After inspecting hundreds of homes, I have a strong idea of what will ‘fail’ a home inspection for a buyer.
Sometimes it is very expensive problems that have to do with the roof, HVAC system, or even attic insulation. But other times small issues like rotted wood, peeling paint, and signs of poor maintenance can cause a buyer to walk.
To learn more about serious issues that can ‘fail’ a home inspection, I invite you to read my guide on foundation defects that I found during home inspections.
In this guide, I will go over…
- My top list of home inspection fails
- How to prevent these issues
- Prepping your home for the inspection
Table of contents
- What Things Will Fail A Home Inspection?
- 1. Defective Roofing
- 2. Rotted Exterior Wood
- 3. Old, Dirty, And Moldy HVAC Systems
- 4. Interior Water Leaks
- 5. Deteriorated Attic Insulation
- 6. Poor Water Pressure
- 7. Poor Windows
- Final Thoughts
What Things Will Fail A Home Inspection?
Technically, a home inspection can’t fail. Home inspectors aren’t allowed to pass or fail a house — there is no such thing. Only a government official can condemn a house as being unsafe or unlivable. And there are also seasoned investors that buy dilapidated houses all the time.
But every buyer has there own failure or tipping point where they will walk away from the purchase. A home inspection ‘fail’ will be different for every buyer, and first time buyers are usually the most sensitive to repairs or undisclosed problems.
The most common home inspection fails will be for big items such as a needed roof replacement, HVAC system failure, foundation problems, defective plumbing, and other issues. But small items can also make a big difference such as rotted exterior wood, uneven floors, and even mice in the attic.
To learn about my detailed list of things that can fail a home inspection, keep reading…
1. Defective Roofing
Defective roofing can definitely fail a home inspection in a buyer’s mind.
Inspecting the roof is one of the first things I do, and I walk around the home with binoculars or sometimes use a ladder to walk it. And frequently, the buyer is with me, walking around the home, as I take pictures of the roof. So when there are missing shingles, curling shingles, crumbling shingles, it will stick in the buyer’s head throughout the entire inspection.
Depending on the size of the roof, it can cost $5,000 on the low side, but as high as $30,000+ for larger roofs with architectural shingles.
Missing shingles is one thing if the whole roof is still in good shape, but if the entire roof looks like it needs to be replaced, or if it is 20+ years in age, I usually recommend that the buyer “budgets for a new roof in the near future”.
3-tab asphalt shingle roof covering. Seller stated at inspection that it is 15 years or older. Due to age, buyer should budget for a new roof covering in the near future. I also noticed one damaged shingle on the left side of home. I also observed an area of missing shingles on the front left, and some uneven and damaged shingles on rear left. Evaluation of roof covering by a qualified roofer is recommended.
Walk around your home and note any missing shingles, curling shingles, roof deterioration, or other problems. Having a licensed roofer fix any roof defects and certify on the physical receipt that the issues have been repaired.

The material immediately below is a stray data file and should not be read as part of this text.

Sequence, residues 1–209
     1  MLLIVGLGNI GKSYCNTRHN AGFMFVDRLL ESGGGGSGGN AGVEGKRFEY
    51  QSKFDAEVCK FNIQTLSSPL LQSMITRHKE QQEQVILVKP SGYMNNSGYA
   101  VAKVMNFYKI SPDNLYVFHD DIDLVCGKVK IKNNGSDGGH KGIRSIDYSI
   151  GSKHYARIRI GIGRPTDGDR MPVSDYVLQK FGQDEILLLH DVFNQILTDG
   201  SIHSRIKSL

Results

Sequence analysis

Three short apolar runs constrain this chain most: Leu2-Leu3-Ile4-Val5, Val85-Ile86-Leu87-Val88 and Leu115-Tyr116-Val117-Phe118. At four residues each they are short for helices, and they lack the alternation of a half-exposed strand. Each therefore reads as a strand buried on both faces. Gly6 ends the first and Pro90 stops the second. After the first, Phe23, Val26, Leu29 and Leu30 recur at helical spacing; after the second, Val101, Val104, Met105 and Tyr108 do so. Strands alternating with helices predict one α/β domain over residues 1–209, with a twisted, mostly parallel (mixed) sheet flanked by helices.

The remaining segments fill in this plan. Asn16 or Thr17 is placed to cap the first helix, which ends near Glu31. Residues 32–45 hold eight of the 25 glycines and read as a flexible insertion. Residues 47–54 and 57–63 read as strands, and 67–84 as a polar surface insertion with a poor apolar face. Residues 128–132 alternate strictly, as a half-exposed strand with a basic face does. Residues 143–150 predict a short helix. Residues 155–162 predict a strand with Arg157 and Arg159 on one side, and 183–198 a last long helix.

Having an older roof usually isn’t a deal killer as long as it is in good condition.
Read Also: How To Inspect A Home For Asbestos?
2. Rotted Exterior Wood
Rotted exterior wood is usually cheap to fix, but it can really freak out first time homebuyers.
As I walk around the exterior of the home, I carry a small tool called an awl. An awl is basically just a thin and sharp piece of metal that I use to probe for deteriorated wood. Whether it is window sills, door trim, garage door trim, posts, decks, or other areas — I thoroughly check for rotted wood.
Any time wood isn’t painted, sealed, or otherwise covered — it can deteriorate in the presence of water.
And don’t confuse the common term of “rotted wood” with actual wood fungus — they aren’t the same thing — I am referring to deterioration which may or may not have fungus.
Thoroughly walk the exterior of the home, probing for rotted wood, especially at the corners of windows, doors, and the bottom of wood posts.
Have a contractor excavate the wood deterioration, and fill it with new wood or with wood putty. Smaller holes can be filled with exterior caulking. Never paint over rotted wood because home inspectors can find it.
Read Also: How To Inspect Home Foundations?
3. Old, Dirty, And Moldy HVAC Systems
If there is one thing that can scare a new home buyer, it is a disgusting HVAC system. I am talking about HVAC systems that are filled with dust, mold, and rusted parts.
Most Sellers don’t realize that home inspectors usually take off the front cover of the furnace or heat pump. And quite often, the buyer is standing right next to us when we do it.
In my area, the north east U.S., we get a lot of mold in our HVAC because our air can get very humid. And if the evaporator coil is covered in rust, that can also make eyes roll. If you want to learn more about how I inspect houses for mold, you can read my guide on mold inspections here.
Look, if a seller has an older HVAC system, let’s say 15-years or older, it isn’t a deal killer. But you can at least make sure it is well-maintained, clean, and can show a receipt that it was recently serviced.
Unfortunately, most HVAC companies don’t really ‘clean’ anything, so you will likely have to hire an air duct cleaning company to thoroughly clean the furnace and possibly the air ducts. According to the EPA, the HVAC system should be turned off when it is cleaned so it doesn’t spread mold spores throughout the home.
It would be a good idea for any home seller to remove their HVAC cover, and take a look inside for any surprises.
4. Interior Water Leaks